Arts

5:13pm

Mon August 19, 2013
All Tech Considered

App, Secret Sites Create The Immersive World Of 'Night Film'

Originally published on Mon August 19, 2013 6:58 pm

Marisha Pessl's previous novel was Special Topics in Calamity Physics.
David Schulze

When you watch a DVD these days, there's a whole array of extras waiting for you after the movie — commentaries, deleted scenes, special re-creations that add to the experience.

But what if you are a novelist and want to do the same? Could you? Should you?

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3:43pm

Mon August 19, 2013
The Salt

Incredibly Shrinking Avocados: Why This Year's Fruit Are So Tiny

Originally published on Wed August 21, 2013 12:40 pm

We found lots of avocados being sold six or 10 to a $1 bag in the San Francisco area. Some weighed less than 3 ounces.
Alastair Bland for NPR

What's thick-skinned and leathery, about the size of an egg, essential for guacamole and sold eight for a dollar?

No, not limes. Hass avocados. This year, anyway. These pear-sized fruits usually weigh half a pound or more. In the summer of 2013, though, hundreds of thousands of trees in Southern California are sagging with the tiniest Hass avocados in local memory — some just the size of a golf ball.

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2:02pm

Mon August 19, 2013
Author Interviews

'Lawrence' Of Arabia: From Archaeologist To War Hero

Originally published on Mon August 19, 2013 5:52 pm

T.E. Lawrence, shown here on Oct. 3, 1928, wore Arab clothing in an effort to be seen as trustworthy.
AP

One of the most intriguing figures of 20th-century warfare is T.E. Lawrence, the British army officer who immersed himself in the culture of the Arabian Peninsula's Bedouin tribes and played a key role in the Arab revolt against the Ottoman Turks during World War I. He became a well-known and romanticized figure in post-war England, and was immortalized in the 1962 film Lawrence of Arabia.

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1:53pm

Mon August 19, 2013
The Salt

Sandwich Monday: PB&J Fries

Originally published on Mon August 19, 2013 3:55 pm

Peter failed to hitch this to the back of his motorcycle and bring it back to Chicago for us.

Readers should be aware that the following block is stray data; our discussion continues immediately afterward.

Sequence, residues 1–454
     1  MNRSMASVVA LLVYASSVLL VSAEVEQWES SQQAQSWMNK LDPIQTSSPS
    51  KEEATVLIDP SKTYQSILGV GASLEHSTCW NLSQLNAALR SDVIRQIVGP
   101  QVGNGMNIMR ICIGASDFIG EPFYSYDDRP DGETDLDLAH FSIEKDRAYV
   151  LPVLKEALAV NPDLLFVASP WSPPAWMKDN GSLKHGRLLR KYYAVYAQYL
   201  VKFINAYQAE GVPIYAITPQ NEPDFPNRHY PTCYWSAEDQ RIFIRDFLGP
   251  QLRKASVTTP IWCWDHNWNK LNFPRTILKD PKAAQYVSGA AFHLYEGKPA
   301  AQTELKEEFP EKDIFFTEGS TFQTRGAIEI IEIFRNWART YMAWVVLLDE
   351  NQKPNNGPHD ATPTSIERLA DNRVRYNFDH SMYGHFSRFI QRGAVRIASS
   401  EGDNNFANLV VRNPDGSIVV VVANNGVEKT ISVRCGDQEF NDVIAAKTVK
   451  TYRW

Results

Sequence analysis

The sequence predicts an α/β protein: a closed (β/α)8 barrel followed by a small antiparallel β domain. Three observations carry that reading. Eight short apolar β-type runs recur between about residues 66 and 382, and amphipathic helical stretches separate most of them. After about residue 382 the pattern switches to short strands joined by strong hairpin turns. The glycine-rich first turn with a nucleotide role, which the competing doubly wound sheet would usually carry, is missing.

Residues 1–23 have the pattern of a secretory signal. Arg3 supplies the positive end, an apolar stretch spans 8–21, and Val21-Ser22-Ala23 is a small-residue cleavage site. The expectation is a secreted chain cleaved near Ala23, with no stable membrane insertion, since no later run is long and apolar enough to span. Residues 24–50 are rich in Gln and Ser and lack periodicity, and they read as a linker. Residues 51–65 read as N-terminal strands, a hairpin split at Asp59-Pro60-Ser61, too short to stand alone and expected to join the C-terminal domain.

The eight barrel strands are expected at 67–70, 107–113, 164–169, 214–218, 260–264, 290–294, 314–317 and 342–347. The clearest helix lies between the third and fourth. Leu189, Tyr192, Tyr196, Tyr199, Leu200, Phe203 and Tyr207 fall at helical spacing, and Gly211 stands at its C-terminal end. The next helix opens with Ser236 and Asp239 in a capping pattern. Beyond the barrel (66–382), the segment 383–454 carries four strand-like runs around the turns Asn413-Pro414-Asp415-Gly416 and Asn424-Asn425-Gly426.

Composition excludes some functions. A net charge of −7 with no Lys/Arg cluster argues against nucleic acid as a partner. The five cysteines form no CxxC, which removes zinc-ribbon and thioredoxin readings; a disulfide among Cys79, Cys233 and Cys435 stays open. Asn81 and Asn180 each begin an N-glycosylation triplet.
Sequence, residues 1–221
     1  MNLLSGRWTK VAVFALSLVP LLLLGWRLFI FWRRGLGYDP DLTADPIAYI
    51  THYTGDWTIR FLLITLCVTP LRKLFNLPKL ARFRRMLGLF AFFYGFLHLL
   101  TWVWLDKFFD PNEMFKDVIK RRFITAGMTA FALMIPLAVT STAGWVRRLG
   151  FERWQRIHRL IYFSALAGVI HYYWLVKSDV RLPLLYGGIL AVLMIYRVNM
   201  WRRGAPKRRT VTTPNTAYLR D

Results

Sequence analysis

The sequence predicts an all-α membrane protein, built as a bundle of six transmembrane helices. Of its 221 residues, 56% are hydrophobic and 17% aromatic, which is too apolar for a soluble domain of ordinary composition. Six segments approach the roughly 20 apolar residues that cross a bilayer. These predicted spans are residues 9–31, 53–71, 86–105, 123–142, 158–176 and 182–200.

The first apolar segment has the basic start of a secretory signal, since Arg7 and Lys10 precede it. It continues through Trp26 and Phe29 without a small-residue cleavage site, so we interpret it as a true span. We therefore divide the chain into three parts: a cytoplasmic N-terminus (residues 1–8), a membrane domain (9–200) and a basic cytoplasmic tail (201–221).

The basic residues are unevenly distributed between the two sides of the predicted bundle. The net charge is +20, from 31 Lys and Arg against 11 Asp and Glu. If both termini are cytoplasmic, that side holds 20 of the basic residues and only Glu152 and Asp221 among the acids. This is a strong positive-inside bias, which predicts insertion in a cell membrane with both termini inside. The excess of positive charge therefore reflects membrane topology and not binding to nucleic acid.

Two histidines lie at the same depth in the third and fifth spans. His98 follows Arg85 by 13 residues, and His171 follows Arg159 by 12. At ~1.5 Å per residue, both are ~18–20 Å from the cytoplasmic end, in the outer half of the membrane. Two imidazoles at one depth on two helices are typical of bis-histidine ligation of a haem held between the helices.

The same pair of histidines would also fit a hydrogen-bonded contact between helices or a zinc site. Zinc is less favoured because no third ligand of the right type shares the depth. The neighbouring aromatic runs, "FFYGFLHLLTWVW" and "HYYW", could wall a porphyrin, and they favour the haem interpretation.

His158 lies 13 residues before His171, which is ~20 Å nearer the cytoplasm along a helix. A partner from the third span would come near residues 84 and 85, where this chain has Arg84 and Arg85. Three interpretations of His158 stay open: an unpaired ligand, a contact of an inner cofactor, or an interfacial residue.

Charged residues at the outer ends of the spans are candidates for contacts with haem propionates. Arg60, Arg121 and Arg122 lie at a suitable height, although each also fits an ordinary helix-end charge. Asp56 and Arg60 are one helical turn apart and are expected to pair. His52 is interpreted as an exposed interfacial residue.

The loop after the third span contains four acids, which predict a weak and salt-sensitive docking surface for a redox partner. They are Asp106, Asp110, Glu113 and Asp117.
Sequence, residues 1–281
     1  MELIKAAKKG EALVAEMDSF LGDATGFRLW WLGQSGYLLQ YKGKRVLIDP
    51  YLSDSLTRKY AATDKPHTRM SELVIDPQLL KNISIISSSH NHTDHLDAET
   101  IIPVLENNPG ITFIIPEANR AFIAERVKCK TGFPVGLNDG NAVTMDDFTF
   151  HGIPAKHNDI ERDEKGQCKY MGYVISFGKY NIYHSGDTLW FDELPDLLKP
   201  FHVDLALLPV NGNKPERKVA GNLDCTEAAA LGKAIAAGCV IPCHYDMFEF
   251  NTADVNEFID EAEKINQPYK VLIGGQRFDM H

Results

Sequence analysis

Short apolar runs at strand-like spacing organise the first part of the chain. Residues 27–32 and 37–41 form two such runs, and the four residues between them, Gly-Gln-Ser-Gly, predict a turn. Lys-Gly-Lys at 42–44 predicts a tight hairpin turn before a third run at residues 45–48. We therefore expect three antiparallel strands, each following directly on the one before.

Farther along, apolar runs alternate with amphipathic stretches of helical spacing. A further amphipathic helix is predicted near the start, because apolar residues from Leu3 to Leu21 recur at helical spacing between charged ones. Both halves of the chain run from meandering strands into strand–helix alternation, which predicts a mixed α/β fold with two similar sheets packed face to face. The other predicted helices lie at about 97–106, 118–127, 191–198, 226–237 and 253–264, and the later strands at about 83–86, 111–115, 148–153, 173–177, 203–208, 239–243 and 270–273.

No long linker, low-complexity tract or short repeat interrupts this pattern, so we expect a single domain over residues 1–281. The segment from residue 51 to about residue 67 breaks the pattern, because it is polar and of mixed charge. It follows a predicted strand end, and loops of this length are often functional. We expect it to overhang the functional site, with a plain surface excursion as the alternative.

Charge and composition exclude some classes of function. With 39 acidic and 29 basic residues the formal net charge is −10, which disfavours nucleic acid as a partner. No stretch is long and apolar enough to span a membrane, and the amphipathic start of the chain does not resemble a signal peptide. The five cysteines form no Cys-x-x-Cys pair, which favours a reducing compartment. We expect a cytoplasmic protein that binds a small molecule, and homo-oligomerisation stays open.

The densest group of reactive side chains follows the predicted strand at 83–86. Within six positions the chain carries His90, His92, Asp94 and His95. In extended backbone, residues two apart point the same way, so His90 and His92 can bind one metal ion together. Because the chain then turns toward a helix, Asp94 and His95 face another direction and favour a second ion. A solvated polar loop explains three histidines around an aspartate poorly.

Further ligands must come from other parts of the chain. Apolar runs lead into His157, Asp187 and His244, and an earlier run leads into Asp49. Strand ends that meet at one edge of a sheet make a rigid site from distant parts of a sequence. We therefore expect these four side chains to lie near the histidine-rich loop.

NPR

Canadians have given us so much, from the BlackBerry, a kind of phone your parents' older friends used to use, to Leslie Hope, the lady who played Kiefer Sutherland's wife in Season 1 of 24. But perhaps towering above all is poutine, which translated from the Quebecois is "stuff poured onto french fries." Usually it's some variation of cheese, meat and gravy, but I was told that in Portland, Ore. (naturally), at a food truck (naturally), you can get peanut butter and jelly on fries. So I went, naturally.

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12:31pm

Mon August 19, 2013
Arts & Life

Faith Ringgold: No 'Knock Down, Drag Out Black Woman Story'

The legendary artist began her career in 1963, the same year as the March on Washington. She talks to guest host Celeste Headlee about her life, work, and why no one originally wanted to hear her story.

7:12am

Mon August 19, 2013
The Two-Way

Book News: John Hollander, Master Of Poetic Forms, Dies At 83

The daily lowdown on books, publishing, and the occasional author behaving badly.

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7:03am

Mon August 19, 2013
New In Paperback

Aug. 19-25: Famous Encounters, Romance On The Nile And A Family Murder

Originally published on Mon August 19, 2013 2:24 pm

* Some of the language in the summaries above has been provided by publishers.

Copyright 2013 NPR. To see more, visit http://www.npr.org/.

3:07am

Mon August 19, 2013
Books

For You To Borrow, Some Libraries Have To Go Begging

Originally published on Mon August 19, 2013 4:14 pm

The Tyson Library in Ludlow, Vt., is required to support itself independently; public libraries in Vermont receive no state funding.
Neda Ulaby NPR

More than 90 percent of Americans say public libraries are important to their communities, according to the Pew Research Center. But the way that love translates into actual financial support varies hugely from state to state.

Vermont, for instance, brags that it has more libraries per capita than any other U.S. state. Some of them are remarkably quaint. In Ludlow, one library is a white clapboard Victorian, slightly frayed, ringed by lilies and sitting by the side of a brook.

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3:03am

Mon August 19, 2013
Afghanistan

In Kabul, A Juggling Act That Offers Joy For Afghan Kids

Originally published on Mon August 19, 2013 6:52 am

Students at the Afghan Mobile Mini Circus for Children participate in the juggling parade on the streets of Kabul before Afghanistan's eighth annual national juggling championship last week.
Sean Carberry NPR

Morning traffic in Kabul can be punishing enough as it is. But on a recent day, there's an extra element clogging up the streets, a scene you don't see on a typical day in the Afghan capital.

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5:23pm

Sun August 18, 2013
Author Interviews

A Dystopian View Of America's 'Fallen' Suburbs

Originally published on Sun August 18, 2013 6:03 pm

iStockphoto.com

The suburbs can be a creepy place. And they are at their creepiest in Patrick Flanery's new novel, Fallen Land. Set outside an unnamed American city, this dark and complex thriller plays out in a half-built subdivision where construction ground to a halt during the housing crisis.

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